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Blood. 2012 Apr 19;119(16):3734-43. doi: 10.1182/blood-2011-11-392951. Epub 2012 Mar 1.

Tim-3 marks human natural killer cell maturation and suppresses cell-mediated cytotoxicity.

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  • 1Hawaii Center for AIDS, Department of Tropical Medicine, University of Hawaii, John A. Burns School of Medicine, Honolulu, 96813, USA. lndhlovu@hawaii.edu

Abstract

Natural killer (NK) cells are innate lymphocytes that play an important role against viral infections and cancer. This effect is achieved through a complex mosaic of inhibitory and activating receptors expressed by NK cells that ultimately determine the magnitude of the NK-cell response. The T-cell immunoglobulin- and mucin domain-containing (Tim)-3 receptor was initially identified as a T-helper 1-specific type I membrane protein involved in regulating T-cell responses. Human NK cells transcribe the highest amounts of Tim-3 among lymphocytes. Tim-3 protein is expressed on essentially all mature CD56(dim)CD16(+) NK cells and is expressed heterogeneously in the immature CD56(bright)CD16(-) NK-cell subset in blood from healthy adults and in cord blood. Tim-3 expression was induced on CD56(bright)CD16(-) NK cells after stimulation with IL-15 or IL-12 and IL-18 in vitro, suggesting that Tim-3 is a maturation marker on NK cells. Whereas Tim-3 has been used to identify dysfunctional T cells, NK cells expressing high amounts of Tim-3 are fully responsive with respect to cytokine production and cytotoxicity. However, when Tim-3 was cross-linked with antibodies it suppressed NK cell-mediated cytotoxicity. These findings suggest that NK-cell responses may be negatively regulated when NK cells encounter target cells expressing cognate ligands of Tim-3.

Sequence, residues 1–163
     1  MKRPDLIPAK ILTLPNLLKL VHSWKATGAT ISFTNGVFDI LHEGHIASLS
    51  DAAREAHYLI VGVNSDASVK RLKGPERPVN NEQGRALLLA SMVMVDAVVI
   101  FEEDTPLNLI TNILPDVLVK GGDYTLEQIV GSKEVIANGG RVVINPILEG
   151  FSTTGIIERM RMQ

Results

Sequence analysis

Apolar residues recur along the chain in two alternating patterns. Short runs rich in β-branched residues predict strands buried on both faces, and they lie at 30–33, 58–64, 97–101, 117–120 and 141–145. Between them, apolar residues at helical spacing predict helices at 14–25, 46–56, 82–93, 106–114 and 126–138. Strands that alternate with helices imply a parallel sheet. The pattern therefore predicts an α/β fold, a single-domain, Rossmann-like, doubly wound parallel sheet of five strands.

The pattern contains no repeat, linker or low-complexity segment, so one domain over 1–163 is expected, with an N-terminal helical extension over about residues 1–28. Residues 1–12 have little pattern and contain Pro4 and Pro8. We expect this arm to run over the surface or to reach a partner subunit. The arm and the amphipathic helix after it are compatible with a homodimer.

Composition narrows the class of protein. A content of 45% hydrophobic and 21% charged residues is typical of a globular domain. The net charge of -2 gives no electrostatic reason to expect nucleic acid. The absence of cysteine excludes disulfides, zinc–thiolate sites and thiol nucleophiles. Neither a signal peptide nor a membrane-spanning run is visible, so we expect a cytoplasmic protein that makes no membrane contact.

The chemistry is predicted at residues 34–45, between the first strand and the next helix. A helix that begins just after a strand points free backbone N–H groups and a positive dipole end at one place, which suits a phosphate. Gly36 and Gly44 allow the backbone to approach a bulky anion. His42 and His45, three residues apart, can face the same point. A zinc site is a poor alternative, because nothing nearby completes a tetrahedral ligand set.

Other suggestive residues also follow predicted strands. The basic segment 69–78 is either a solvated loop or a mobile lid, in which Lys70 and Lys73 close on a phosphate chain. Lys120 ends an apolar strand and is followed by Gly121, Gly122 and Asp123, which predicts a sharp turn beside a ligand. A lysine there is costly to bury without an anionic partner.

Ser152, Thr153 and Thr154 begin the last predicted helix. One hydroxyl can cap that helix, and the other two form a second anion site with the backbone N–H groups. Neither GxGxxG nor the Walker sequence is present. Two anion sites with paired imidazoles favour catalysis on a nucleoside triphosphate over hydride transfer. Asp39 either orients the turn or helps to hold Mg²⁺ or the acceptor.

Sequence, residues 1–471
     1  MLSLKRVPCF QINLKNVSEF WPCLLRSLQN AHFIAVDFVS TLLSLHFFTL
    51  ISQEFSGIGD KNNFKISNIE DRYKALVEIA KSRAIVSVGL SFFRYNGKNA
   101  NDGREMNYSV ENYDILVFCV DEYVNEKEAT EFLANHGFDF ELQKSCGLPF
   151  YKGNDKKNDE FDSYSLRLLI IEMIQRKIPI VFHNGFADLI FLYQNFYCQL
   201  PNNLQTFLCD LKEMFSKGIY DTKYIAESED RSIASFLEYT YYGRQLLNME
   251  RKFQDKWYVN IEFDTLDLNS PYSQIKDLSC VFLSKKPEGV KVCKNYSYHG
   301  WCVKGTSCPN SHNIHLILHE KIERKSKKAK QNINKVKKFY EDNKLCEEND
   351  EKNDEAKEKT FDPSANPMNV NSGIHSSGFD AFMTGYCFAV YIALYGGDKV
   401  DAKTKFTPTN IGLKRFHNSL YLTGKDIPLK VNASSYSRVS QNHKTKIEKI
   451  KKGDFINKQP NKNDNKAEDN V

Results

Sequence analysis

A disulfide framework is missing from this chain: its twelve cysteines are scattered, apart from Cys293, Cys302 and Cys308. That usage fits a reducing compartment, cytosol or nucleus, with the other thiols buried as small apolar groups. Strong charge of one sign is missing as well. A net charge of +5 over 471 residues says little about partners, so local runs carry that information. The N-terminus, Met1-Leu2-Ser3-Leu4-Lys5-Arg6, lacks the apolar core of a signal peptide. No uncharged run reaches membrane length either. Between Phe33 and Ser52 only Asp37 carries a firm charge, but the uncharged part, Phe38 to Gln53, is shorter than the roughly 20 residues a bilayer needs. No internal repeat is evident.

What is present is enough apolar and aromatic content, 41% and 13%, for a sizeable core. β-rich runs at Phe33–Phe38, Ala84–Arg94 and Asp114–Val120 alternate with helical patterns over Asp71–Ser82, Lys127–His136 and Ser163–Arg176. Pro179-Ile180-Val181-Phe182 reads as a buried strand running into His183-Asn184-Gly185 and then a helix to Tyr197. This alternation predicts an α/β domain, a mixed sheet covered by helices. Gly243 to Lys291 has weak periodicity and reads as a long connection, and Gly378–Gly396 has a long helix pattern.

PMID:
22383801
[PubMed - indexed for MEDLINE]
PMCID:
PMC3335380
Free PMC Article
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